Purchase Agreement - Seller Considerations


Commercial Real Estate Toolkit

Purchase Agreement – Seller Considerations

After a seller has found a buyer willing to purchase its commercial real estate property on terms the seller is willing to accept, the next step is drafting and negotiating a purchase and sale agreement. Below are some considerations a seller should prioritize.

Time kills deals. A seller should focus on getting the buyer under contract as soon as possible and negotiate all time periods to be as short as possible. While the property is under contract, tenants can go out of business, governmental authorities can take adverse actions, and loan terms can change dramatically. As a seller, you want the buyer to have non-refundable earnest money as soon as possible.    

A seller should be cognizant of managing pre-closing risk. The agreement should contain provisions that require the buyer (and its consultants) to obtain commercial general liability insurance prior to coming on the property to perform inspections. In addition, the agreement should require the buyer to indemnify the seller for personal injuries and property damage that may occur during the inspections and to repair any damage resulting from the inspections.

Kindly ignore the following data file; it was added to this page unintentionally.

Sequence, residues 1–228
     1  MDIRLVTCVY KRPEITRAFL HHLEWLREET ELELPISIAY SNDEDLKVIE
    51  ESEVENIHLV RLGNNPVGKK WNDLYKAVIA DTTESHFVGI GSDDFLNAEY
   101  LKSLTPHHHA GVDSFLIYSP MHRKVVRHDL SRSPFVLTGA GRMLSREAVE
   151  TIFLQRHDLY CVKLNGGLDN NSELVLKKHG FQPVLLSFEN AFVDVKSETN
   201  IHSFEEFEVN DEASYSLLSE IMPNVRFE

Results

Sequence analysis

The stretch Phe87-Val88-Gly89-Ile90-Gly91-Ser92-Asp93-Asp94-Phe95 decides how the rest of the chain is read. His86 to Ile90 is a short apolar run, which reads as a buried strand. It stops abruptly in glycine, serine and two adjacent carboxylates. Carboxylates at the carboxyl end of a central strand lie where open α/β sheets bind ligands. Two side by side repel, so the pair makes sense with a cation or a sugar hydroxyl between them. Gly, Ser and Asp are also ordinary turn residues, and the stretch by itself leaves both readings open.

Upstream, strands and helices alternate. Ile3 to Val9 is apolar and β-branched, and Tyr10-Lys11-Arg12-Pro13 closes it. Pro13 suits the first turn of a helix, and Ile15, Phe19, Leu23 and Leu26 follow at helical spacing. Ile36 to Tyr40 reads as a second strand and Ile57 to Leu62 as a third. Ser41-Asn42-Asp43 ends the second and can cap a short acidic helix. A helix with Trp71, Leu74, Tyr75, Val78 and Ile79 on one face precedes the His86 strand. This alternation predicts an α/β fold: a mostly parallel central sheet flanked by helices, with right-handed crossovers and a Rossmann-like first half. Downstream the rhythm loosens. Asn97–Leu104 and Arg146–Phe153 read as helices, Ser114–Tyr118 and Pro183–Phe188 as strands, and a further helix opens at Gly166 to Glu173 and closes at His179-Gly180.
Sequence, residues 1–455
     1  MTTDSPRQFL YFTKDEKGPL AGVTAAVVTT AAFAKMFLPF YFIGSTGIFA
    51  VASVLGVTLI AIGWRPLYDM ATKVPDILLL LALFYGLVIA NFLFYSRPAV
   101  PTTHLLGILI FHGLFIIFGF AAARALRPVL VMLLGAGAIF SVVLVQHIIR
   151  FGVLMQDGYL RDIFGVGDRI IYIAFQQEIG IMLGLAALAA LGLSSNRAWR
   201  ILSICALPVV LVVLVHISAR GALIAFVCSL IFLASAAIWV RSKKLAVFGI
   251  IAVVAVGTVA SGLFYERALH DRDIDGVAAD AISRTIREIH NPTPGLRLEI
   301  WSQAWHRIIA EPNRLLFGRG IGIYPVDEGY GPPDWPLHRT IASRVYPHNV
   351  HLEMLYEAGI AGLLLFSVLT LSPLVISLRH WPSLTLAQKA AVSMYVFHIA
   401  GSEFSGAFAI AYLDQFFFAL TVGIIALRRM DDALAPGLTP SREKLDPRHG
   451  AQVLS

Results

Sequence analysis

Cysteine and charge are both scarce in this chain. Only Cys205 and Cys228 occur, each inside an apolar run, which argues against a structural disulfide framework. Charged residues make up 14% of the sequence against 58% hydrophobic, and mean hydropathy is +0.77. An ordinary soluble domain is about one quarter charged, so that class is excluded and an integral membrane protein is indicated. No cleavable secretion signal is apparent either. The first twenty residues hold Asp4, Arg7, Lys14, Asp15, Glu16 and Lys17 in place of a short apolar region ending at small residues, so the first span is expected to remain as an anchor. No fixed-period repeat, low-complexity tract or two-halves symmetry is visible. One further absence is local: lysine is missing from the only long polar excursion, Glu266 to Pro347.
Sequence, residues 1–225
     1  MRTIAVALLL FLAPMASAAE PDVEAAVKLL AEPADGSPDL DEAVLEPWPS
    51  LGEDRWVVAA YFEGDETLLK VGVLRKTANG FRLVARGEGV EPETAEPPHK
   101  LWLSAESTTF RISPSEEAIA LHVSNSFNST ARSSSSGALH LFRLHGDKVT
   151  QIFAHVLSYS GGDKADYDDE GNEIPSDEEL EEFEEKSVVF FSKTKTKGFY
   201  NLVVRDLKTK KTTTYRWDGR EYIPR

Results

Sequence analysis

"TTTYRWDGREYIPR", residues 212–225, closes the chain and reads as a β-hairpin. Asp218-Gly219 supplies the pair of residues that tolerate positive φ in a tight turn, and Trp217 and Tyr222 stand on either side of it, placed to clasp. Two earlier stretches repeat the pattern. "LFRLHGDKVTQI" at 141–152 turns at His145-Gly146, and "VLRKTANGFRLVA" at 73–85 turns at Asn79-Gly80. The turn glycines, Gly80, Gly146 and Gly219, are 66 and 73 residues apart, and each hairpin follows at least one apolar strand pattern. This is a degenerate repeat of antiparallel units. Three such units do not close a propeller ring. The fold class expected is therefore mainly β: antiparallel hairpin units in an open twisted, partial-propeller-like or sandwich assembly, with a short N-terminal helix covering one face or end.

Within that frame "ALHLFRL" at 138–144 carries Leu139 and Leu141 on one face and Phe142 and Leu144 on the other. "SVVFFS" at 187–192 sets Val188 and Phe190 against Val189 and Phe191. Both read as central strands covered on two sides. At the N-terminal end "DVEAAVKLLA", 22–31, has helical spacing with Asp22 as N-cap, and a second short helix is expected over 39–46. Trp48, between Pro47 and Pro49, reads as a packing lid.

A seller should avoid making any misrepresentations. Most agreements contain representations and warranties and a seller should carefully review this section. If any of them are untrue, it gives the buyer an opportunity to terminate the contract or worse, a right to sue the seller after the closing and seek monetary damages. The agreement should include strong “as-is” language and make clear the buyer has no right to rely on any statements made by the seller or its agents, unless that statement is written into the agreement itself. A seller can further reduce risk by adding limitations of liability for post-closing claims and prohibiting the buyer from filing suit against the seller for breaches of the representations and warranties discovered by the buyer prior to closing.

A seller should avoid agreeing to that which they cannot control. Although a seller should eliminate any contractual provisions that require the action of a third party who the seller does not control, sometimes they are unavoidable. In such cases, the agreement should clearly state that the failure of the third party to act in the manner required by the contract is not a default by the seller.      

A seller should attach the form of the primary closing documents to the agreement as exhibits.  This small amount of effort upfront avoids disputes at the last minute during the stressful period of time leading up to the closing. It also gives the seller an opportunity to include clauses that incorporate any negotiated liability limitations.

Keep in mind that there is no such thing as a “standard form”. These are just a few of many concepts a seller should prioritize. For this reason, the agreement should be drafted and negotiated on your behalf by an experienced commercial real estate attorney.                    


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